Federal prosecutors say 49-year-old Alexandria resident Obayedul Hoque conspired with managers at a number of Subway stores and a gas station he owned to keep some $6.5 million in sales off the books between 2008 and 2013. Hoque’s company dodged between $1.5 and $3.5 million in federal taxes as a result of the conspiracy, prosecutors said.
Among the seven Subway locations Hoque owned in Arlington, Alexandria and D.C. is the shop at 3000 10th Street N. in Clarendon. That store has remained open. Hoque also owned a Shell station on Duke Street in Alexandria.
Hoque pleaded guilty today and is scheduled to be sentenced on May 13. The full press release from the U.S. Attorney’s Office, after the jump.
Photo via Google Maps
Obayedul Hoque, 49, of Alexandria, pleaded guilty today to charges of conspiracy to defraud the United States.
In a statement of facts filed with the plea agreement, Hoque owned and operated a gas station in Alexandria called Skyhill Shell and multiple Subway restaurant franchises in Alexandria, Arlington, and Washington, D.C. Hoque admitted that between 2008 and 2014, he and his co-conspirators, who were managers of some of the Subway franchises and the gas station, conspired to defraud the United States for the purpose of obstructing the IRS in the ascertainment and collection of individual and corporate income taxes. Hoque and his co-conspirators did not deposit all of the gas station or the Subway franchises’ gross receipts into the corporate or partnership bank accounts. Instead, Hoque and the managers retained a portion of the gross receipts for their personal benefit and failed to report those funds to the IRS. For the Subway franchises that had no co-conspirator managers, Hoque retained all of the unreported gross receipts for himself.
For the period of 2008 through 2013, point of sales records for the Subway franchises reflected total sales of $20,805,667. However, Hoque and his co-conspirators provided false monthly sales figures to the accounting firm to prepare the Subway entities’ tax returns. As a result, Hoque and his co-conspirators caused false corporate and partnership tax returns to be filed for the Subway franchises, which reported sales of only $14,377,696. Hoque and a co-conspirator also caused false corporate tax returns to be filed on behalf of Skyhill Shell. For some years, some of the entities did not file tax returns with the IRS. Hoque also filed false individual income tax returns with the IRS. Hoque admitted that his conduct caused a tax loss to the IRS of between $1.5 million and $3.5 million.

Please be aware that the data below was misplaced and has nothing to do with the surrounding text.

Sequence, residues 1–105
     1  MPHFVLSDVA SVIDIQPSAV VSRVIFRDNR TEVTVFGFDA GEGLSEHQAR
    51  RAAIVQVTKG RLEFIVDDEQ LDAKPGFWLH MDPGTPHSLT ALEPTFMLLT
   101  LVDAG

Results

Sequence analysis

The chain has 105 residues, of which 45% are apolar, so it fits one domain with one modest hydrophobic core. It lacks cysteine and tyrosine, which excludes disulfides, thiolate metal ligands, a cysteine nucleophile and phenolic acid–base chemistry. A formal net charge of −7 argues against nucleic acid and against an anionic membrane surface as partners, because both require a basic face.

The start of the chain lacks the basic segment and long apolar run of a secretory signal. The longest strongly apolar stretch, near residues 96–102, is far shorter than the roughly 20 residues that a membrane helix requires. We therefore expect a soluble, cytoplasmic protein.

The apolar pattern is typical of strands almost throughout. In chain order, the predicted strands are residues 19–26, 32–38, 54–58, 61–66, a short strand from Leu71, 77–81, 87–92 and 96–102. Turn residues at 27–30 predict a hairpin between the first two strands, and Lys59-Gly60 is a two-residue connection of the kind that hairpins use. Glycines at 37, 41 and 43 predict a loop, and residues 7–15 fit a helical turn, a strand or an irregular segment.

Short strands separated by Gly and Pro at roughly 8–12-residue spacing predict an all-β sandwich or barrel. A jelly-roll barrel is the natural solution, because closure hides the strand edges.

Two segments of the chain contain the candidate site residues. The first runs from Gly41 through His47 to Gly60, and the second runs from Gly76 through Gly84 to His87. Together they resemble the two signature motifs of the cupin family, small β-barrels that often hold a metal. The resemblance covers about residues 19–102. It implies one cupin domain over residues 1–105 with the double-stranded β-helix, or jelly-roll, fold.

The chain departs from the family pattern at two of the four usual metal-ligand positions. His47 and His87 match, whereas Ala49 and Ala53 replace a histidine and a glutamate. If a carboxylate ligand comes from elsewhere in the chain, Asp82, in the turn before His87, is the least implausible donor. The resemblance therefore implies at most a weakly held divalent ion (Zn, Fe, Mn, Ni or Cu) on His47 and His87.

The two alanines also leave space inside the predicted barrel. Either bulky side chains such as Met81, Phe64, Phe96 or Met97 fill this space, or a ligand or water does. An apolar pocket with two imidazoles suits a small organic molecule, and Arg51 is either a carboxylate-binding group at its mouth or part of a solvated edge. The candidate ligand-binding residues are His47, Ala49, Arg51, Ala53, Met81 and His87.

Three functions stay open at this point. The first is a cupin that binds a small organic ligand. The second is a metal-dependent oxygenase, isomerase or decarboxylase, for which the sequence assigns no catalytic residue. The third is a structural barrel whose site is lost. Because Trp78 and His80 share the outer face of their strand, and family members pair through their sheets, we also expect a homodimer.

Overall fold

Hoque faces a maximum penalty of five years in prison and a fine of $250,000 when sentenced on May 13, 2016. As part of his plea agreement, Hoque agreed to pay restitution to the IRS for tax liabilities for the years 2008 through 2013. The maximum statutory sentence is prescribed by Congress and is provided here for informational purposes, as the sentencing of the defendant will be determined by the court based on the advisory Sentencing Guidelines and other statutory factors.
Dana J. Boente, U.S. Attorney for the Eastern District of Virginia; and Caroline D. Ciraolo, Acting Assistant Attorney General of the Justice Department’s Tax Division, made the announcement after the plea was accepted by U.S. District Judge Liam O’Grady. Assistant U.S. Attorney Uzo Asonye is prosecuting the case along with Assistant Chief Caryn Finley and Trial Attorney Kimberly Shartar of the Tax Division.
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